For high school seniors, the spring of COVID-19 has meant no proms, no in-person graduation ceremonies or big family celebrations, and no final months of classes and sports with friends.
And for some, it even means choosing a college without ever setting foot on its campus.
With campuses closed to the public and visit days canceled, college-bound high school seniors face making their college choice with less information and personal connection than they hoped for. In this unfamiliar environment, the UO’s enrollment team has been working hard to find new ways to reach applicants and their families and to convey what it means to be a Duck.
“The Class of 2020 requires us to operate more uniquely than we ever have,” said Roger Thompson, UO vice president for student services and enrollment management. “We don’t have a lot that we can lean on for what these students’ senior year experience is like.”
For Thompson and his team, the response to that challenge has been to try to bring an authentic UO campus experience to students wherever they are and to provide them with information and content that could still be absorbable and meaningful during an attention-grabbing health crisis.
“Our team had to position, maneuver and pivot very, very quickly, and we had to reach students in ways that were different from how we’ve done it in the past,” Thompson said.
The UO launched Virtual Visits, two 90-minute live events in April that featured a campus tour, student and staff panels directly answering 350 questions submitted by applicants, an introduction to classes by an adviser, and a segment targeted at parents and families, along with a few surprise guests. A replay of the event can be viewed on the UO’s YouTube channel.
Around 1,800 prospective students attended the Virtual Visits and other new events put on this month to replace the canceled Duck Days admissions events.
“Seeing a campus on video is always a bit different, but the Virtual Visit was so cool,” said Autumn Knox, a senior at Oceanview High in Huntington Beach, California. “Hearing good things about UO from real students was the most meaningful for me.”
The UO was always Knox’s first choice, she said, but she had to scrap her planned campus tour this spring. The Virtual Visit “really pushed my decision forward and made me more excited to get to campus,” she said.
The enrollment division also created a new, easy-to-use calendar for all applicants to schedule 15-minute chats with an admissions counselor, housing representative or student ambassador online. And the department leaned on its UO 360 virtual reality goggles to give applicants a taste of campus and on new social media tools to engage with them.
“We challenged ourselves to be innovative in this unprecedented time and asked how do we communicate in a way that’s not just watching a bunch of canned videos?” he added. “We wanted to show how even a large school like the UO can be responsive and relatable to students.”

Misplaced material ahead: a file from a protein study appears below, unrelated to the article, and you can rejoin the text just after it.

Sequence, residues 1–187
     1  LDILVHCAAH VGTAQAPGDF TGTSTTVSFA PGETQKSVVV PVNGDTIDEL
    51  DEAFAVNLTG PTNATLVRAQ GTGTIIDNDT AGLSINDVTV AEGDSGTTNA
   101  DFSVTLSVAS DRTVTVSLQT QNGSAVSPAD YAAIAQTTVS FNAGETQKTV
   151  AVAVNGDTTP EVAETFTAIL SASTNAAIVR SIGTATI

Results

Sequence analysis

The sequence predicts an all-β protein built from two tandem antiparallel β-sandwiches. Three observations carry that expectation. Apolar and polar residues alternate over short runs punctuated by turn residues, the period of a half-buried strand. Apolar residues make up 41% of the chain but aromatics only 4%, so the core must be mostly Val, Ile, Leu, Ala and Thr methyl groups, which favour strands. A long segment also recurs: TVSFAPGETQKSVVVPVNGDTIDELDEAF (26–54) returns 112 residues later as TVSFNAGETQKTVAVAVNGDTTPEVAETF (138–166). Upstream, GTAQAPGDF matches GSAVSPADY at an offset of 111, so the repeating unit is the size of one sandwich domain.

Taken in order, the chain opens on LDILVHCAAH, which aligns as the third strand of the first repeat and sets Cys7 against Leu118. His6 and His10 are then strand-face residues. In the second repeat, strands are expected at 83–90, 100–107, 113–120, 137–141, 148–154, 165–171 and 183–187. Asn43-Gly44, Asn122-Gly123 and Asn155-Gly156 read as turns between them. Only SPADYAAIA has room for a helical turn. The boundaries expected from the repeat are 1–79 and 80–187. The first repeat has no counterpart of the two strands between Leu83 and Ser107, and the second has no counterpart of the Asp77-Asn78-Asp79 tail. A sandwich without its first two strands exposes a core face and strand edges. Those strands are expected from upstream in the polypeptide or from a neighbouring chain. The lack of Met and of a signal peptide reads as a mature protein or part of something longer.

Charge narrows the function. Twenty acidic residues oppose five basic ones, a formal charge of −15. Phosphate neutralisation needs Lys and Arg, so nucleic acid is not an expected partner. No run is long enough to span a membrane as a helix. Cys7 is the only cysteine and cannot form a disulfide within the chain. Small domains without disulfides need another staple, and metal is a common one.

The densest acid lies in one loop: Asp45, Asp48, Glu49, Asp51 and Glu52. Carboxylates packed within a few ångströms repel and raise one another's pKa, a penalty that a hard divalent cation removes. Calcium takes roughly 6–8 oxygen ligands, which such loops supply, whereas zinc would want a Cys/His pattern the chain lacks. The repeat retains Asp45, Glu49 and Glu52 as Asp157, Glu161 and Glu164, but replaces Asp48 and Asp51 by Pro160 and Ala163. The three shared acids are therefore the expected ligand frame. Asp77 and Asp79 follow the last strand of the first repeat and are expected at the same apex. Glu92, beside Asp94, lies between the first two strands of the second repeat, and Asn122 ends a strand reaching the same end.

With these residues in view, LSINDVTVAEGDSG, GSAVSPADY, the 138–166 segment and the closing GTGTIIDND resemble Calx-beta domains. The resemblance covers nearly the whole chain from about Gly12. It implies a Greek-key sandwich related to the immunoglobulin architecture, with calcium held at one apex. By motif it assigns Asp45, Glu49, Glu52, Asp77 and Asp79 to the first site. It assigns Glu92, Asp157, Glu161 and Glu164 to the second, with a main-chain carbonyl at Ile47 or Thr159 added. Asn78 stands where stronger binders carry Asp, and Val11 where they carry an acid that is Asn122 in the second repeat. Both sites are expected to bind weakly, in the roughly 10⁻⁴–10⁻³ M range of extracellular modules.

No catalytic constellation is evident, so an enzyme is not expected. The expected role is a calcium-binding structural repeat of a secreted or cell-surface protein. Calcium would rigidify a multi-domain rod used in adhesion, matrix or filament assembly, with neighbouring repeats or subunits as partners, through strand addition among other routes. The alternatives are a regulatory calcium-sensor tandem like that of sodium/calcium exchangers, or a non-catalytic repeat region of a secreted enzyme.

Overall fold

Elizabeth Yost did get to visit Eugene during her college trip. But the senior from Overland Park in Kansas had planned another trip this spring once she was accepted to the UO’s Clark Honors College.
“It would have been nice to come back to see it being in the mindset of ‘This is actually where I’m going to school,’” she said.
Yost said she found the Virtual Visit event informative; she learned about UO facilities she didn’t know of, and she said university staff “covered all the bases” in answering applicants’ questions.
“You kind of look forward to this stage in your high school career for a long time, so it’s strange to not have it come to fruition,” she said. “But there’s no fixing it, right? You have to adapt and make the best of it.”
After weeks of staying at home with a big family, Rick Klau said the Virtual Visit of the UO gave his son Robby, a senior from San Ramon, California, “something to look forward to.”
“There’s so much he’s not getting to have right now,” Klau said. “This was about the future. And a time when he won’t be trapped at home.”
The Klau family planned to visit UO for the first time this spring. Instead, Robby has tried to fill the gap in other ways, by talking friends and acquaintances with Oregon connections and watching videos on YouTube.
Rick Klau said their biggest takeaway from the Virtual Visit “was the sense of community among the students and staff.”
“It was neat to see how eager they were to pull him and the other students into that community,” he said.
Universities across the country face a nervous summer as they wait to see how an unprecedented health crisis and economic disruption affects students’ and families’ decisions about college enrollment in the fall.
Thompson said it’s so hard to predict those decisions because there’s no event in modern history that the COVID-19 pandemic can be compared to. But he said he’s proud of the nimble work his team has done to reach high school seniors this spring and to put the UO in the best position possible for the next academic year.
“So many people contributed and stretched themselves to make this happen and create something the university should be proud of,” Thompson said. “Whatever that freshman class turns out to be, I know it will be much better than it would be if we hadn’t made these efforts. That much I know.”
—By Saul Hubbard, University Communications